University of Michigan Wins Solar Car Race

Squad guided its student-designed solar-powered vehicle to fifth consecutive time victory in eight-day bi-annual American Solar Challenge More

This forum has been closed.
Comment Sorting
Comments
     
by: riano baggy from: ina
November 12, 2012 12:27 AM
even to be global security, climate change to make some bacteria more resistance for communicable diseases, crops with problem in genetic to harmful for human like cancers, illegal fishering because temperature the sea rise so food for fish relocate , the fisherman can to cross another countries for operations.

Featured Videos

Your JavaScript is turned off or you have an old version of Adobe's Flash Player. Get the latest Flash player.
Vietnamese Staging Chinese Product Boycott After Oil Rig Spati
X
Reasey Poch
July 28, 2014 7:18 PM
China recently pulled an oil rig from an area of the disputed South China Sea that Vietnam also claims. Despite the action, the incident has had a lingering effect on consumers in Vietnam. VOA's Reasey Poch reports from Hanoi on an effort to boycott Chinese products.
Video

Video Vietnamese Staging Chinese Product Boycott After Oil Rig Spat

China recently pulled an oil rig from an area of the disputed South China Sea that Vietnam also claims. Despite the action, the incident has had a lingering effect on consumers in Vietnam. VOA's Reasey Poch reports from Hanoi on an effort to boycott Chinese products.
Video

Video ESA Spacecraft to Land on a Comet

After a long flight through deep space, a European Space Agency probe is finally approaching its target -- a comet millions of kilometers away from earth. Scientists say the mission may lead to some startling discoveries about the origins of the water on earth. VOA’s George Putic has more.
Video

Video Young Africans Arrive in US for Leadership Program

President Barack Obama's Young African Leadership Initiative has brought hundreds of young Africans to the United States for a six-week program aimed at building their knowledge and skills in fields such as public administration and business. Out of the 50,000 young Africans who applied for the program, just one percent was accepted. VOA's Laurel Bowman caught up with some of those who made the cut and has this report.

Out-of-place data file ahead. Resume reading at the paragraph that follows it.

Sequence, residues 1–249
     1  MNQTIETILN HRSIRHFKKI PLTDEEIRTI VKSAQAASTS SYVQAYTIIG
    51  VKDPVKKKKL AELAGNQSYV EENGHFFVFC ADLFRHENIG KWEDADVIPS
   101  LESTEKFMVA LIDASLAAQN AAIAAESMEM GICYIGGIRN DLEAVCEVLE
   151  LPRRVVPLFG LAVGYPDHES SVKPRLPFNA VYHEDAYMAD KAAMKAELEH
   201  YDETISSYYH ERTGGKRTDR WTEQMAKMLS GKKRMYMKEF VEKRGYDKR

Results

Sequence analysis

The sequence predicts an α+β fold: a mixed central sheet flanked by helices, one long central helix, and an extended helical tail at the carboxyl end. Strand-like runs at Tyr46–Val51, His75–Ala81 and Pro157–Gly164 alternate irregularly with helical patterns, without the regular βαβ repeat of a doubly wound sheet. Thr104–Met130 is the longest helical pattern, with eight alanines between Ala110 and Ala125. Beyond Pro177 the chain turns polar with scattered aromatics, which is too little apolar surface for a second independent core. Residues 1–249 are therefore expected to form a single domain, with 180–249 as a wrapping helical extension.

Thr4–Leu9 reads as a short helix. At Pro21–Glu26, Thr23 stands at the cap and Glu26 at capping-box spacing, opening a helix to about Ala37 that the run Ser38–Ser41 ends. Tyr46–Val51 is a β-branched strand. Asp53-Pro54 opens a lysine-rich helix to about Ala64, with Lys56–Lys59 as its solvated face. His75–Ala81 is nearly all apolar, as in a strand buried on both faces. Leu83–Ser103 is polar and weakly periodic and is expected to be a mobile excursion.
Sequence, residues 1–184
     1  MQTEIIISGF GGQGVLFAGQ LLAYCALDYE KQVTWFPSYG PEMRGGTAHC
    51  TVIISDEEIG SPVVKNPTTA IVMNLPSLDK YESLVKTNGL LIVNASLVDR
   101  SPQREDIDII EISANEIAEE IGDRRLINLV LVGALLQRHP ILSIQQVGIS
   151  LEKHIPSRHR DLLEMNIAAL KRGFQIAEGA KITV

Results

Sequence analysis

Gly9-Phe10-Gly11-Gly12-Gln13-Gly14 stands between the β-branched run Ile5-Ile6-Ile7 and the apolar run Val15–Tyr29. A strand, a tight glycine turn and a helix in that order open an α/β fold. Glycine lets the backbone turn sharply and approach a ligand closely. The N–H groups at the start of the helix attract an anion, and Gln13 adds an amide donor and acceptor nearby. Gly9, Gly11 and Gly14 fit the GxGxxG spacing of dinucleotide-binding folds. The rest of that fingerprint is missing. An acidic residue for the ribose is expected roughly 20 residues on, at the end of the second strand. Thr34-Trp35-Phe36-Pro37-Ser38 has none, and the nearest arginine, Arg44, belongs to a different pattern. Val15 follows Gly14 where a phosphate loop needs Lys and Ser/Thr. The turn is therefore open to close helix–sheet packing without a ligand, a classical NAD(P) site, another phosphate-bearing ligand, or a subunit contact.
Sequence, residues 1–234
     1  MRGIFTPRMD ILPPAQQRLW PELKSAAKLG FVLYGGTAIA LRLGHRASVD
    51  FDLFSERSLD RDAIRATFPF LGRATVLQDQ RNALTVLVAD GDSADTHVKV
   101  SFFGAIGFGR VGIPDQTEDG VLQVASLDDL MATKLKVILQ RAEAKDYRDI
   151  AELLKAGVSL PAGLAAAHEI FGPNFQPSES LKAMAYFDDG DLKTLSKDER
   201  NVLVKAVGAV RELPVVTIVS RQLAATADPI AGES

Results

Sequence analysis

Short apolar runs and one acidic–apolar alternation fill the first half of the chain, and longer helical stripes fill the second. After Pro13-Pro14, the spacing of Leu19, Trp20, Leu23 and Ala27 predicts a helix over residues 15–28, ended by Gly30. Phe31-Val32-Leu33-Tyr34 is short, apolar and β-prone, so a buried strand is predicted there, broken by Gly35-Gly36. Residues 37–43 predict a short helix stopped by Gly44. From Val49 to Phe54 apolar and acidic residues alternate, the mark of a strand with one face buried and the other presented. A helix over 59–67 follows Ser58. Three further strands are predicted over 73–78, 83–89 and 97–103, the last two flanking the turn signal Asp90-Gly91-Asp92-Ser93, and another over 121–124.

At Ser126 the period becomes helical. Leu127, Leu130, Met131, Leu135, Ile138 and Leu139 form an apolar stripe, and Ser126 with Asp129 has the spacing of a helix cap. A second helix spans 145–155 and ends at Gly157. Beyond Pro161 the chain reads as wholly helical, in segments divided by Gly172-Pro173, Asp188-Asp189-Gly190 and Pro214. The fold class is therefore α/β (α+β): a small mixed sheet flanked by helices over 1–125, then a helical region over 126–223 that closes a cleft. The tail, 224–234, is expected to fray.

Video

Video In Honduras, Amnesty Rumors Fuel US Migration Surges

False rumors in Central America are fueling the current surge of undocumented young people being apprehended at the U.S. border. The inaccurate claims suggest the U.S. will give amnesty to young migrants from the region. As VOA's Brian Padden reports from Honduras, these rumors trace back to President Obama's 2012 executive order to halt deportations for some young undocumented immigrants already living in the United States.
Video

Video Students in Business for Themselves

They're only high school students, but they are making accessories for shoes, fabricating backpacks and doing product photography - all through their own businesses. It's the result of a partnership between a non-profit organization that teaches entrepreneurship and their schools. VOA's Mike O'Sullivan and Deyane Moses met the budding entrepreneurs near Los Angeles.
Video

Video Astronauts Train in Underwater Lab

In the world’s only underwater laboratory, four U.S. astronauts train for a planned visit to an asteroid. The lab - called Aquarius- is located five kilometers off Key Largo, in southern Florida. Living in close quarters and making excursions only into the surrounding ocean, they try to simulate the daily routine of a crew that will someday travel to collect samples of a rock orbiting far away from earth. VOA’s George Putic has more.

AppleAndroid